11. I'm very religious and I observe very strict beliefs and rules - I'm merely curious about my family. But how can I be sure there's no hidden forces here that threaten my faith?
Hellinger's therapy is about family systems, and your religious beliefs are probably very much in harmony with those. Rest assured, the sacred laws of your religion and your faith are going to be either strengthened or left in place. Hellinger was a deeply religious man when he discovered this group solution to family problems among the Zulu people where he was a Christian missionary. In fact, many people have sessions which are spiritual and where a transcendental force is accorded its rightful place. There are no rituals here, but you are allowed to pray or meditate when you think it's necessary. The work of Bert Hellinger did much to restore the traditional adage found in the Torah and the Christian Bible as well as the Confucian teachings, "respect your mother and father" in this modern world. If they were religious, you may want to especially respect that religion with all the forms referring to you. In that respect, his system and what Hellinger practitioners found in people's family unconscious fields all over the world are in a marked contrast to iconoclastic psychologists like Freud. Religious people from all faiths have participated, and sometimes spiritual topics are also modelled in addition to family systems, if you desire so. You may have to be in the company of people here, however, who hold other beliefs than you.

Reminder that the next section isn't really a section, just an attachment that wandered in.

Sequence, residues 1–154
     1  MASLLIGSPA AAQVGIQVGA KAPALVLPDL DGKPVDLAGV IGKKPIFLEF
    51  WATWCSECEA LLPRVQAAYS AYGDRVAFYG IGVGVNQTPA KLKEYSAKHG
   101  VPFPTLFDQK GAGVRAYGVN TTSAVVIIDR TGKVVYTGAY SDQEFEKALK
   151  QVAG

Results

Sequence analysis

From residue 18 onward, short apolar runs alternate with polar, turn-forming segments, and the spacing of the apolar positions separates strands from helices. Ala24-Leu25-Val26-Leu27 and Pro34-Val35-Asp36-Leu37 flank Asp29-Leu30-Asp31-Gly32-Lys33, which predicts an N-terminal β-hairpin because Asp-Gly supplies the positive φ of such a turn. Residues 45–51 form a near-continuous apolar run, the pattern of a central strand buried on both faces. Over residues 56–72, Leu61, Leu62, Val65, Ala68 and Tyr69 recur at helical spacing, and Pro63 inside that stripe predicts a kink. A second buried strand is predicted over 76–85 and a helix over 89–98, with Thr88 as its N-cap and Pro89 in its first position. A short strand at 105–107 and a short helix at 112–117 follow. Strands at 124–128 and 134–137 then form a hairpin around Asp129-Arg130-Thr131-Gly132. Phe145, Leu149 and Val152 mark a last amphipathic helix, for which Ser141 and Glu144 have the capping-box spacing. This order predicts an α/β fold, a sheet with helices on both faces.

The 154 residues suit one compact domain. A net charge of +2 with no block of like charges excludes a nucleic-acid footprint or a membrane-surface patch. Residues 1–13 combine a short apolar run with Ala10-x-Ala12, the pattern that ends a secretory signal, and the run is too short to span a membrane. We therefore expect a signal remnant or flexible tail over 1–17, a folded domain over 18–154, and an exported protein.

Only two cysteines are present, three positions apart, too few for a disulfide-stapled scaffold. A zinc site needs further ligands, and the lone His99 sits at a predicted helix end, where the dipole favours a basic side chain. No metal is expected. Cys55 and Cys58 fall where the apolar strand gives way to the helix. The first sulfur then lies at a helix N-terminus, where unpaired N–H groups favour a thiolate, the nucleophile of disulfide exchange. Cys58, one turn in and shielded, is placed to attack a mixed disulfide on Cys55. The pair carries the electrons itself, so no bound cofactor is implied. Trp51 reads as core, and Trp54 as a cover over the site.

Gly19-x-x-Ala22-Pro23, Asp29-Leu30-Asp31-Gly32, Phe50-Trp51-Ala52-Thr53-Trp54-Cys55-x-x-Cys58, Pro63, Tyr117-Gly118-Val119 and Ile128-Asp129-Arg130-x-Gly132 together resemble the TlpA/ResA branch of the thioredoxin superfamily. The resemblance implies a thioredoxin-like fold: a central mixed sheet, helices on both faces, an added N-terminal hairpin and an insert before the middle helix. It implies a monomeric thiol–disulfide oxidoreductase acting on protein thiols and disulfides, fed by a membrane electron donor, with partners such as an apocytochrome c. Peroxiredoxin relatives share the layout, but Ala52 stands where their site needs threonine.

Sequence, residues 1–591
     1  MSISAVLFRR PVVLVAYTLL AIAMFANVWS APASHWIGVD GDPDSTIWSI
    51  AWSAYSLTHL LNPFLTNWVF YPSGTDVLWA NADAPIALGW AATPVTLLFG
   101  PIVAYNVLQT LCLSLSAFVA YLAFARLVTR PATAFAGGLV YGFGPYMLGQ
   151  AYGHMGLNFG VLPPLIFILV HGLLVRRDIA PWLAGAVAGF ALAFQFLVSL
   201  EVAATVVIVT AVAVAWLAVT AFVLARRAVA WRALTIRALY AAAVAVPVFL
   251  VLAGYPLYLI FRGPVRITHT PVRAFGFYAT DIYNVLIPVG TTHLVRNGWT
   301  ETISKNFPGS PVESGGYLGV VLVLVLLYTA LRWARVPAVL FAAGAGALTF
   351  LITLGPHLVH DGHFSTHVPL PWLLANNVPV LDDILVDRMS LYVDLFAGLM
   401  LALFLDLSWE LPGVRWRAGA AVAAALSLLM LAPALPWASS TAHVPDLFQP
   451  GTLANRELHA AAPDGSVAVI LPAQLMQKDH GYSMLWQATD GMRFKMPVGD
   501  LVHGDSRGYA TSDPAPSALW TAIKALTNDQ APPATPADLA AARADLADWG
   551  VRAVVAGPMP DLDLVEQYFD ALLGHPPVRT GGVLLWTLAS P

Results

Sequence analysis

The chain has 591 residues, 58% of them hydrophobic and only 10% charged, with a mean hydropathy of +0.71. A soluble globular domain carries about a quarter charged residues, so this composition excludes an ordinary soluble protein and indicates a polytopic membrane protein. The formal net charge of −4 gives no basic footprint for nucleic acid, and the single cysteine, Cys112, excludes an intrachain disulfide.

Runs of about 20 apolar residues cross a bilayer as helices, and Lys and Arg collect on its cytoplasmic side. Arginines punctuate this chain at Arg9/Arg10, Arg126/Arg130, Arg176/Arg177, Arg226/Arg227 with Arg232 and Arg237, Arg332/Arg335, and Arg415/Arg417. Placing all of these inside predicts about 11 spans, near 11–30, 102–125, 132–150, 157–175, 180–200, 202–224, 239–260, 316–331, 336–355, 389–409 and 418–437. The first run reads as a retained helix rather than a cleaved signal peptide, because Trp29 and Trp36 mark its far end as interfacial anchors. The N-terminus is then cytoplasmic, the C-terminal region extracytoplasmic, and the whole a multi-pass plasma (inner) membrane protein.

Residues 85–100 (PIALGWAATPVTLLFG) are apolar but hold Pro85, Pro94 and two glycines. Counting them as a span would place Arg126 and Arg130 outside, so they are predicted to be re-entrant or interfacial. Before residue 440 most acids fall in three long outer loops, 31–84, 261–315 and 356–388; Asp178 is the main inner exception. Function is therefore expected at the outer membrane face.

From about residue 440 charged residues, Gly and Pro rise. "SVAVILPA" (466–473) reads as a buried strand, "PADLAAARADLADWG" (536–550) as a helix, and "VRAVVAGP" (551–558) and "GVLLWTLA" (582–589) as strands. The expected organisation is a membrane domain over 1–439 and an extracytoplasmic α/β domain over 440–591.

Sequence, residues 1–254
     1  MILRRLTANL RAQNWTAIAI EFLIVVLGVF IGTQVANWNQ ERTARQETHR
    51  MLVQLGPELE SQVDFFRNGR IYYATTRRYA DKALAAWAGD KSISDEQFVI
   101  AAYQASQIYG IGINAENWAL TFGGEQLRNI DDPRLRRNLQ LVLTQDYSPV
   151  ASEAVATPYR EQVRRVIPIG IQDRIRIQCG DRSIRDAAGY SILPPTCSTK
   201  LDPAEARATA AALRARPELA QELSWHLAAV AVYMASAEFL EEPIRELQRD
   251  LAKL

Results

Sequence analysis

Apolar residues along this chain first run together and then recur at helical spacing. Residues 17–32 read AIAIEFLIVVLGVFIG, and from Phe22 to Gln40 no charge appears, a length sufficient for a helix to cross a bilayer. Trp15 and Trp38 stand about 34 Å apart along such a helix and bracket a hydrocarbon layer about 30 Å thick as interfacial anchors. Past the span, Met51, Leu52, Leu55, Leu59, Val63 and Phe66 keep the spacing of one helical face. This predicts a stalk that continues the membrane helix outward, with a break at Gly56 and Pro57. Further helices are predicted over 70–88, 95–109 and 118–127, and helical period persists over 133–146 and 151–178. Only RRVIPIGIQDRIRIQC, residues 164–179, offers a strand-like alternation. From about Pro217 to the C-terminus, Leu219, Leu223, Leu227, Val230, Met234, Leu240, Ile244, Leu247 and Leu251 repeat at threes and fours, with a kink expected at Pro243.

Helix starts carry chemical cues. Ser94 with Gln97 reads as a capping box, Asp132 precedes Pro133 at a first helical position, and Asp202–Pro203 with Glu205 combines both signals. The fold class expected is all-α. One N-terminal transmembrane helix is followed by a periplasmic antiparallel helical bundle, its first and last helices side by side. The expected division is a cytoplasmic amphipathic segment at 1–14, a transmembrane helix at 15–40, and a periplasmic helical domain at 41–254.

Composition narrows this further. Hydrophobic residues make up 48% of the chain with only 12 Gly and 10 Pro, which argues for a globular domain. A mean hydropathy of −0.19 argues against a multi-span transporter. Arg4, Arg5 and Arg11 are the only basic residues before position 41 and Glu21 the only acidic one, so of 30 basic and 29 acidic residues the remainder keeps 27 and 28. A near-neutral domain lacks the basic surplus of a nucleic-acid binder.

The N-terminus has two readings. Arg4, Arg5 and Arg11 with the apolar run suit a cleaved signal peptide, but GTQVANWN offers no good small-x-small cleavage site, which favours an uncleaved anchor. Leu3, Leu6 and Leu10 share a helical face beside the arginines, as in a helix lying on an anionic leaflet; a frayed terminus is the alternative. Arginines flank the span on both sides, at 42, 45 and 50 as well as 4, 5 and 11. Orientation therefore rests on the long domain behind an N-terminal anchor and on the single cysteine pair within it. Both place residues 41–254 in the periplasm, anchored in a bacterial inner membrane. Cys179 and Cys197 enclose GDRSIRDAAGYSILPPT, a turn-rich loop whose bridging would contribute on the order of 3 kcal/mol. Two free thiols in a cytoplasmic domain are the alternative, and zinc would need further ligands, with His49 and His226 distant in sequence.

One additional point: if your religious rules forbid touching people under certain circumstances, just signal to the therapist ahead of time, and we will integrate you with comfort. No participant would be against the basic family values Hellinger emphasized and usually people are very respectful towards others anyway, as the space of the heart is what opens up. These values - about family systems in particular - are almost universal; additionally, many people feel during the constellations that they are connected to a Higher Power. We advise you to wet your feet, and judge for yourself.
12. Is there an individual follow-up of this? Maybe I can do only one group but I'd prefer to do some more work.
Yes, there are individual techniques derived from and supporting the basic Hellinger group technique. Some therapeutic things can be done in spatial modelling with objects such as seashells or stones. Sometimes a group setting is more powerful, but later adjustments and refinements can be done if you schedule an individual appointment too.
You can wait with booking an appointment until you feel perfectly safe and comfortable about the process, and feel free to write me further questions about procedures and experiences - see CONTACT